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Desert Island Thursday • The Black Angels • Passover

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Man, is Austin, Texas the new Seattle? Have I missed something here? For this edition of Desert Island, we review kick ass psychedelic rock band, The Black Angels. I first became acquainted with The Black Angels last year when Roy Orbit’s own, Fotis Louzakos (by the way, Roy Orbit’s latest single, “Sonar Girl” is the absolute tits. Infectious as all hell.) told me about them in passing. Two seconds after they were brought up and they’ve already been forgotten from my mind. Fast forward six months later: There I am watching the first episode of HBO’s “True Detective” and somewhere during the course of the episode I heard The Black Angel’s song “Young Men Dead” from their debut album, Passover. The thing is I didn’t know that I was listening to The Black Angels and I certainly didn’t know that the song was from their album (that extra info came at the end of the episode, where I obsessively sought the song out the only way I knew how… I typed out the only line I could remember from the song hoping that would narrow the search down and produce some results.) “Fire for the hills/pick up your feet and let’s go…” Automatically, the first result to pop up was the music video for the song “Young Men Dead”. Bingo!


I was taken by a nostalgic wave from the first listen.

I instantly dug the song; and, after thirty minutes of listening to it on repeat, I went out to my local Best Buy and purchased the album proper. I was taken by a nostalgic wave from the first listen. Passover kicks off with “Young Men Dead”, but since I already knew I liked that song, I skipped on ahead to the next one. “First Vietnamese War” is like a heavy drone march to the end and there I was again, with that feeling of nostalgia. The thing is that it wasn’t my own nostalgia I was reliving. The Vietnam War officially ended five years before I was ever born, but still the feeling lingered.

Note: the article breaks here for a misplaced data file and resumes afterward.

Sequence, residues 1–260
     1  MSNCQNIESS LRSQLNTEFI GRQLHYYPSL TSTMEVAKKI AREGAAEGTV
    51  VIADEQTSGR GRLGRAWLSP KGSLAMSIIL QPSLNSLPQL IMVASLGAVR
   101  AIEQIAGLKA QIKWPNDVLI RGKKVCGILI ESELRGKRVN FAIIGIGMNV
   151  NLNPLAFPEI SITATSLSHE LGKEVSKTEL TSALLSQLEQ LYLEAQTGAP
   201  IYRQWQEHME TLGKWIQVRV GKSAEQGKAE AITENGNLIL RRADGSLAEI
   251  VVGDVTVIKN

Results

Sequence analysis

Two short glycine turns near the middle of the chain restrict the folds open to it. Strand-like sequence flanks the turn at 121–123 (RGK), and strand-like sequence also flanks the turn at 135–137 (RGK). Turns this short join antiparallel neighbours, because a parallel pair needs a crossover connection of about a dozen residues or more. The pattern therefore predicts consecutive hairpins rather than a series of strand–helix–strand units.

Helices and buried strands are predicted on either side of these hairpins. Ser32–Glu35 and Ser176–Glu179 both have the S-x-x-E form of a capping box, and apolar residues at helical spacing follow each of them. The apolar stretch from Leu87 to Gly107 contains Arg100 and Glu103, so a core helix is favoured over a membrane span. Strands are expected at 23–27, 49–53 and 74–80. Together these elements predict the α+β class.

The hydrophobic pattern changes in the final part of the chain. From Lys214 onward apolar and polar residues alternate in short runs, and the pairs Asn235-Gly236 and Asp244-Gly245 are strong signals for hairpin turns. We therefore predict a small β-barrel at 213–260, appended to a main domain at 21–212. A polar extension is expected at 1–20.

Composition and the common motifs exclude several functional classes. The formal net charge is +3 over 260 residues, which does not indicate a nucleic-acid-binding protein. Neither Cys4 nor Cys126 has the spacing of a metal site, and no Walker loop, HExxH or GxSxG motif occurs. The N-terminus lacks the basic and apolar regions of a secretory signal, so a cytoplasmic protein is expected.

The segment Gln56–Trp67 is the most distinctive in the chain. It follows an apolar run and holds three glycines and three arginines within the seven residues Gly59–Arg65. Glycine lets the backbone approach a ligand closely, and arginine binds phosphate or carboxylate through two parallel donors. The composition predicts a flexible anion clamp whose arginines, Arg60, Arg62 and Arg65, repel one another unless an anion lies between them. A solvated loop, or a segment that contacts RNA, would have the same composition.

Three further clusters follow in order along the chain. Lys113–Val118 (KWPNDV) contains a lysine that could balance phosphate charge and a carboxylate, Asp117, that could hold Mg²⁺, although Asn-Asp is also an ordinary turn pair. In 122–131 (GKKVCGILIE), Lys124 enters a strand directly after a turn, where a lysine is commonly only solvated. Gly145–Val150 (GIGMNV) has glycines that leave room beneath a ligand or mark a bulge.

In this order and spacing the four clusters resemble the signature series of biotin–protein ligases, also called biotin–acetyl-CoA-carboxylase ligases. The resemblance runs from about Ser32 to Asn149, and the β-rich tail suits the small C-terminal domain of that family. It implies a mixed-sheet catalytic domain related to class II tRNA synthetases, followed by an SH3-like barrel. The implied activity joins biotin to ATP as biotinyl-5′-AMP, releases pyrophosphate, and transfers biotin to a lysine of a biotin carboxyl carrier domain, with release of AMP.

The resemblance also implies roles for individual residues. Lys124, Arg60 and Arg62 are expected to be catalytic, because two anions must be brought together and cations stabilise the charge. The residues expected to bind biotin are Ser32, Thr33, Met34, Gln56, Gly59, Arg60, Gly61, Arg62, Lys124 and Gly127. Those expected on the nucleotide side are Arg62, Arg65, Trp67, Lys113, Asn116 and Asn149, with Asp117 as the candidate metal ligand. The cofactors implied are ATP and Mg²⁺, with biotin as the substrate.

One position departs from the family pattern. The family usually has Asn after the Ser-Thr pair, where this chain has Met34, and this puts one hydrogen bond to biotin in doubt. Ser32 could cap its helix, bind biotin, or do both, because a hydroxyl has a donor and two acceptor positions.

Everything was right with Passover and The Black Angels had me within the first nine minutes of this fifty minute and thirty-seven second album. This is one of those albums where there are no bad songs. There are no fillers of any kind to be found on this gem.


The Black Angels are dark and inviting and they’ll have you too upon first listen.

The Black Angels lead vocalist, Alex Maas has a vocal style unlike let’s say that other psychedelic son, Mr. Mojo Risin himself, James Douglas Morrison, but just like Jim had that whole shamanistic thing going for him, Alex exudes that same shaman like feeling as he spews out his lyrics. There really is nothing comparable between The Black Angels and The Doors musically, so why make the connection, right? Well, like The Doors, The Black Angels had that certain sort of something in the music that just pulled you in and didn’t let you go until the album was done. All the pieces fit with The Doors and that’s why that band worked. It wasn’t the Jim Morrison show, Jim was only one component to this strange brew of excellence and the Black Angels are no different.
I waited but a few days after picking up Passover before I found myself back at Best Buy. I needed the Black Angels entire discography. The Black Angels had me and they didn’t even know it. The Black Angels are dark and inviting and they’ll have you too upon first listen, you only need to allow yourself to be taken over, which won’t be hard at all to do. Your world will seem a bit more euphoric and you only have The Black Angels to thank for that.

Want more from The Black Angels? Of course you do! Please feel free to check them out here:

The Black Angels official website

Please feel free to pick up Passover right here!

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